We have to acknowledge it. We have to accept the fact that it is part of our story.

And what are we to do with joy so intense it overflows from us, demanding and eliciting our joyous thanks and praise, which are all we can give but still not enough? What are we to do with an elation so great we tremble from it and are sure that we behold the face of God in all His shining glory?

We have to acknowledge it. We have to accept the fact that it is part of our story.

But while we sit with it, may we remember that that moment is not all there is. Grief is lined with light. Joy is anchored to the rocks of reality by the beauty of Real Life.

May I learn to see with both sides of my brain. May I learn not to pick up light and choose to leave the darkness on the table, but to hold both of them together in my clasped hands and dare to look them in the face -- not to confront or to fight or to change or to get one look at the enemy before I flee, but to simply see them for what they are.

Sometimes I'm anxious beyond comfort. Sometimes I'm so happy I could cry. Most days they happen at the same time. And that's okay.

It's not good to dwell on negative things, because that's such a downer, y'all. But I think it's important to remember where we come from, where our stories have taken place. It's vital to recall what has happened to us: both the light and the dark. If we don't, we're just wanderers and vagrants without a story.

Do you ever notice how the mysterious people in stories are viewed as unsavory characters? Cue nerd moment here: In the first book of The Lord of the Rings, the hobbits meet Aragorn, the rightful King. Only they don't know he's the King -- when they meet him, he's Strider the Ranger, a wanderer without a story. And without a story, he is seen as a vagrant, a dusty wanderer, mysterious and untrustworthy. If we don't have a story, a place to come from, then we are anchorless, rootless, blown about like chaff in the wind. Without a story, we are less human.

Plus, y'all, we are given our stories. God has given us our light and dark, our very own adventures. To not acknowledge and accept what He has given us is to say to Him that we don't like what He's making us into. But how do we even know what He's doing with us? How do we know where the adventure leads? How could we possibly have any foreknowledge of that?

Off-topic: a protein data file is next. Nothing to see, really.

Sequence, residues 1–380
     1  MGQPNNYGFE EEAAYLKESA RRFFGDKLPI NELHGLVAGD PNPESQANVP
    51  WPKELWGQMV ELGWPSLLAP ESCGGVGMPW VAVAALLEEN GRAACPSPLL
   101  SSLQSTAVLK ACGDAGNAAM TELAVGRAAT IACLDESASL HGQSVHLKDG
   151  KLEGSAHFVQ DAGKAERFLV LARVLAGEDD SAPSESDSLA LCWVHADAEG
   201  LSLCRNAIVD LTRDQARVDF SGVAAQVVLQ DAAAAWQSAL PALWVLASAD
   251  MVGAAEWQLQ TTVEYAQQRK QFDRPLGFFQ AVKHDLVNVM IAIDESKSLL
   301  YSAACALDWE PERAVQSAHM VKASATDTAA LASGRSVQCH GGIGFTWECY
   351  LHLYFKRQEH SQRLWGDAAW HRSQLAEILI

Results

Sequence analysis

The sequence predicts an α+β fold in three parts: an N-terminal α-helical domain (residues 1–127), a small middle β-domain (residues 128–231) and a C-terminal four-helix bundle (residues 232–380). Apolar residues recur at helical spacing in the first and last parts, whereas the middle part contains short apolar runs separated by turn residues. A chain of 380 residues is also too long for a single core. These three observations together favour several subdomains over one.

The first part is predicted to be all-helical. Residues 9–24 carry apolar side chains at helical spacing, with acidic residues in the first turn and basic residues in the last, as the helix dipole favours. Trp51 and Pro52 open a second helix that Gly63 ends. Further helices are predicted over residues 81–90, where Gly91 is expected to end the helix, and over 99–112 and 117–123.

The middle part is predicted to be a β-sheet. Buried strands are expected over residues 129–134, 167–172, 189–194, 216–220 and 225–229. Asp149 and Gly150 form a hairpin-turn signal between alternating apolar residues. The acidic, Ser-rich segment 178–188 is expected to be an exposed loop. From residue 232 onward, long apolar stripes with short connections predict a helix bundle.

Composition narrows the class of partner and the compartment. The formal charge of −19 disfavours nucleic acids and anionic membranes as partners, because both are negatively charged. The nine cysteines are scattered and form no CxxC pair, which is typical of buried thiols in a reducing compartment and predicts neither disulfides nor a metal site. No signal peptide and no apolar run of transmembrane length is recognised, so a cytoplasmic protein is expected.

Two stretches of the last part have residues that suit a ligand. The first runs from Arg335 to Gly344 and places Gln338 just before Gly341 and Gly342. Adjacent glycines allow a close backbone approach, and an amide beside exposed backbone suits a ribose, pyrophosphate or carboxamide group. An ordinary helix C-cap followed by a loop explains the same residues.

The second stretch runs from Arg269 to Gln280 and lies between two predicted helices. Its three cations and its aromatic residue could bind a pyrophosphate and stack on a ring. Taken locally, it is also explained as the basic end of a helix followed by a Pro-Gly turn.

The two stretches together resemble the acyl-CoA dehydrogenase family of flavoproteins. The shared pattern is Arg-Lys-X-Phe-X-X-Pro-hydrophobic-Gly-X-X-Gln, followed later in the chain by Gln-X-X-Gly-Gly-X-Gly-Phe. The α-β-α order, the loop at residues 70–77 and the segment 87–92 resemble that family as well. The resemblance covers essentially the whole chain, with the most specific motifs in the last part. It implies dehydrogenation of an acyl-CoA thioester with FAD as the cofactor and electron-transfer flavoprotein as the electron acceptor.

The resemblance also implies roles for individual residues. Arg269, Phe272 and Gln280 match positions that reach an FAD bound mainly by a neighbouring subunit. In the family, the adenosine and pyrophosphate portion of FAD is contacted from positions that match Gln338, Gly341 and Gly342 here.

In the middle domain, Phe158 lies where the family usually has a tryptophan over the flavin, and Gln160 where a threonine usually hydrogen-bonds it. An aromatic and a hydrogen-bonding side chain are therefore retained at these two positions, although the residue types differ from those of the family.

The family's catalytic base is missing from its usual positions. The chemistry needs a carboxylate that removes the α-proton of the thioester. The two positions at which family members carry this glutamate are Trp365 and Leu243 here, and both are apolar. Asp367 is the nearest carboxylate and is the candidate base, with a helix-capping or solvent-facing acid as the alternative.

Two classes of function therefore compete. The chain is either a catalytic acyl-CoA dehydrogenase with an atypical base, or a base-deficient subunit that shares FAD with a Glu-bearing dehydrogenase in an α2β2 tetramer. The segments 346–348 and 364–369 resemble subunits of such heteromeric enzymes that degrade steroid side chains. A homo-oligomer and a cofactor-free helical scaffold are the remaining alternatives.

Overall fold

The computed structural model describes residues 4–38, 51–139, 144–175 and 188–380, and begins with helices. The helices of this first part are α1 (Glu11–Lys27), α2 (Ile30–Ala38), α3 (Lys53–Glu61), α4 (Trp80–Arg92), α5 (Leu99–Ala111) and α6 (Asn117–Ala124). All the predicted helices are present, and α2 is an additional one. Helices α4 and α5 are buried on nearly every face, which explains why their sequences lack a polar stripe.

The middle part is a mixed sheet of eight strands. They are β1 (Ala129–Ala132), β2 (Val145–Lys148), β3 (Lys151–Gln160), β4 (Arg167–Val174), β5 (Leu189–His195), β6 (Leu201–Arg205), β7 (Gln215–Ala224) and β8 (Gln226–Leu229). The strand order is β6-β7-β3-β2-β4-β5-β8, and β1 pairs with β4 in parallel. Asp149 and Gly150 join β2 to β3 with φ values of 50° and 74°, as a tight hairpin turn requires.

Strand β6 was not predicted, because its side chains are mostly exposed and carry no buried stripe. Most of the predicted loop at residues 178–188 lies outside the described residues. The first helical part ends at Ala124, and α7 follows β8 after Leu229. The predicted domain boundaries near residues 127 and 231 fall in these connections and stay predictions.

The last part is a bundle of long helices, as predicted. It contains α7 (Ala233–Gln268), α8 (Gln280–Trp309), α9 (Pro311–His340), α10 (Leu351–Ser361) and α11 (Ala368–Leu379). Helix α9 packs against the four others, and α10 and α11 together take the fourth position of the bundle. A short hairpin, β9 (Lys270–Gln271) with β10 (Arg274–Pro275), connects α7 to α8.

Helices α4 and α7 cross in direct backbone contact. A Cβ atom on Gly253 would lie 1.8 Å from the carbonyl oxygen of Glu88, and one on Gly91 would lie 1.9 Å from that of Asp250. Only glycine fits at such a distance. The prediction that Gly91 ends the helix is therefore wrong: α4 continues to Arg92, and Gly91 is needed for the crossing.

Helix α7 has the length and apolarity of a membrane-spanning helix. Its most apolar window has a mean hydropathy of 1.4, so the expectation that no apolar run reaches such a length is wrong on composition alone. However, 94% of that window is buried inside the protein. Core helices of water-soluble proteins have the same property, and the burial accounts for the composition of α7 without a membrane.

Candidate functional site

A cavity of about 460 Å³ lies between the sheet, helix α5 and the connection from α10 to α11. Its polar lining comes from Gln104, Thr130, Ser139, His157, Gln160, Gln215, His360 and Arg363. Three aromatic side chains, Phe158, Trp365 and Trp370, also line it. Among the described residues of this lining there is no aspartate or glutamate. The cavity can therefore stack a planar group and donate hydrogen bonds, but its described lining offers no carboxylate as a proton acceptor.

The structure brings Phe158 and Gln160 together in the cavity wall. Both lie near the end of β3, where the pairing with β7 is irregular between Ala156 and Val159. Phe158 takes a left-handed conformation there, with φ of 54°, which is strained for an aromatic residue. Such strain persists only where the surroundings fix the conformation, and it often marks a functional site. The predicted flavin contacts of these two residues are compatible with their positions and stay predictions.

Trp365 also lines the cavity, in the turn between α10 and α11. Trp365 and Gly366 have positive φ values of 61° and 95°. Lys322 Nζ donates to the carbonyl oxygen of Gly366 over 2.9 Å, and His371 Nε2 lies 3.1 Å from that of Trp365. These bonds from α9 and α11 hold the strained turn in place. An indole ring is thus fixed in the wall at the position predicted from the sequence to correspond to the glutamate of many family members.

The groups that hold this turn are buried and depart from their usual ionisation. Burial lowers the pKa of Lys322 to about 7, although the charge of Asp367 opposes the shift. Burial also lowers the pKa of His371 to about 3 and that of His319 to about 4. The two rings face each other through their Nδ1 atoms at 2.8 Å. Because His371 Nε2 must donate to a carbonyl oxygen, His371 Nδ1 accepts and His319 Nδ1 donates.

Chiaroscuro is an Italian word that describes the union and coexistence of light and darkness in art. My voice teacher also uses it to describe a singing sound (so much brightness in my voice, guys). Adventuring has the same combination. There is overflowing grief and gladness and despair and laughter and wholesomeness and rottenness and just real life.

And when we feel like it's too much for us to hold? We place it in the hands that made us and wrote our story. Because, sometimes, y'all, adventure is too much to bear. The good is too good. The darkness is too dark. And even the mundanity feels like more than we can take. We cannot handle it. We will break.

Our job is not to handle it. Our job is to accept what comes to us and trust the faithfulness of the Creator-King-Warrior-Lover-God to fight for us and write our story, woven with light and darkness and mundanity. And the art that it creates rivals the greatest adventure story to ever be written by human fingers.

May we take what is given to us. May we know that it is not ours to pick and choose, and set that responsibility down. Instead, may we accept what comes to us and trust the God Who made us to work with the raw material that creates art. For we are His artwork. And the way He marbles silver and gold alongside threads of rough stone is marvelous to behold.